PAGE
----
Article
Full-text available
Objective We examine if individuals low in openness cope with death reminders (i.e., mortality salience) by becoming less open and more avoidant of death. Method In Study 1, openness was measured before and after a mortality salience manipulation (N = 128; Mage = 35.82; 54.7% male; 85.2% Caucasian). In Study 2, we measured openness, manipulated mo...
Article
Full-text available
The terror management health model suggests targeting sources of self-esteem or identity, in conjunction with mortality salience, offers a pathway for health behavior promotion. To date, however, experimental evidence has been limited to single time point studies. Two studies assessed whether similar processes impact behavior over time. In Study 1,...
Article
Full-text available
Women are objectified through overt sexualization and through a focus on physical appearance, but empirical research has not yet made this distinction. In three studies, we found evidence consistent with the hypothesis that although both forms of objectification strip women of their humanness, there are unique dehumanizing signatures associated wit...
Article
Research on terror management theory demonstrates that people respond to reminders of mortality with defenses aimed at maintaining their self-esteem and defending cultural worldviews. We posited that being open to experience should allow individuals to process death more receptively (i.e., with curiosity), attenuating the need to bolster self-estee...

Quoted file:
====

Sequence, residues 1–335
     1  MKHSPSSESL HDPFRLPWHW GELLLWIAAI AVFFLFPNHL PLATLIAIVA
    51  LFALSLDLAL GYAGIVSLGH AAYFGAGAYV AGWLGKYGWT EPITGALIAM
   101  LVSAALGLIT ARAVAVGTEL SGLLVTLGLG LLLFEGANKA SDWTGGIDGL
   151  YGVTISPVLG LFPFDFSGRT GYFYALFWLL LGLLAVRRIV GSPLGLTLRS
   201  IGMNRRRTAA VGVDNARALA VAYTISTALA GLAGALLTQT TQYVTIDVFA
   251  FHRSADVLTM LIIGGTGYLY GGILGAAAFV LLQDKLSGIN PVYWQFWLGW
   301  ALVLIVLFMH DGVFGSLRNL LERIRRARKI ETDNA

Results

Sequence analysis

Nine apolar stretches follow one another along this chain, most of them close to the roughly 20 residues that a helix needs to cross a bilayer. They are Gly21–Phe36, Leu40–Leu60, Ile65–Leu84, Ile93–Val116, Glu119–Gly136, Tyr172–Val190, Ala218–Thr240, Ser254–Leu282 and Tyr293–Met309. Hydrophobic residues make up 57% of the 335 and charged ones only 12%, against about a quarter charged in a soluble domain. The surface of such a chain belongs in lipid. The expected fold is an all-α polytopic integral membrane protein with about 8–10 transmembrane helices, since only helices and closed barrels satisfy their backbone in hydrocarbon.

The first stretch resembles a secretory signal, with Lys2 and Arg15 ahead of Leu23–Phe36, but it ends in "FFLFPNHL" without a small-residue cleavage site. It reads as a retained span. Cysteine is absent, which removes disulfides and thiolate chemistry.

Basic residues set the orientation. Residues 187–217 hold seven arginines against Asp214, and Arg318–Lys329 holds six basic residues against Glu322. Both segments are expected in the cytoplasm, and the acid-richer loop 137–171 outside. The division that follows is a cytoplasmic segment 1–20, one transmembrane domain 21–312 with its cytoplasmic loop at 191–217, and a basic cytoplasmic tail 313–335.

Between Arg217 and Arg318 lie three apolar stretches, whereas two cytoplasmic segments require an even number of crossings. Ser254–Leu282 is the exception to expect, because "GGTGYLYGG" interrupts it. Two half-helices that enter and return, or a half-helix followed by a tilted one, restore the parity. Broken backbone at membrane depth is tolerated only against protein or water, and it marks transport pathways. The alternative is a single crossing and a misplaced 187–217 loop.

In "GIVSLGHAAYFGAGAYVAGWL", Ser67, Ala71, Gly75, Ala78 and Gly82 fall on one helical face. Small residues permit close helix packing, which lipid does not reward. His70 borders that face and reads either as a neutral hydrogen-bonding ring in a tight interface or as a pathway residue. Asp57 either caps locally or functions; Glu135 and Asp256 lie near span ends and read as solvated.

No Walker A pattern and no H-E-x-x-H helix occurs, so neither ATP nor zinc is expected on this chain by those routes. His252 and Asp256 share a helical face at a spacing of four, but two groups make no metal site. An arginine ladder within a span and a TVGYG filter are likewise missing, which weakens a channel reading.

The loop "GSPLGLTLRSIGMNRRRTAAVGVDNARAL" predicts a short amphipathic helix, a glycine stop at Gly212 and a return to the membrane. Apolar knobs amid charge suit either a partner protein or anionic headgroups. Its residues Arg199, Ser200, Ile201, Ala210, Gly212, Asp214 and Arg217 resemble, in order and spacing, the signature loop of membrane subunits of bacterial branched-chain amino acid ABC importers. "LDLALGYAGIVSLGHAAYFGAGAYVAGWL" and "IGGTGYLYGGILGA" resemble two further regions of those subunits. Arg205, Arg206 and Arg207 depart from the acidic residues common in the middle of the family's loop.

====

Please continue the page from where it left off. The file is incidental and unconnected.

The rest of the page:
Article
This article offers an integrative understanding of the intersection between health and death from the perspective of the terror management health model. After highlighting the potential for health-related situations to elicit concerns about mortality, we turn to the question, how do thoughts of death influence health-related decision making? Acros...
Chapter
Feminist scholars, philosophers, and more recently, social psychological researchers have argued and provided evidence that women are objectified, often in a very literal manner. Terror management theory offers additional insight, suggesting there is an existential threat associated with men’s attraction to women’s natural bodies. When a woman’s bo...
Article
Integrating terror management theory and objective self-awareness theory, we propose the existential escape hypothesis, which states that people with low self-esteem should be especially prone to escaping self-awareness as a distal response to thoughts of death. This is because they lack the means to bolster the self as a defense, and the propensit...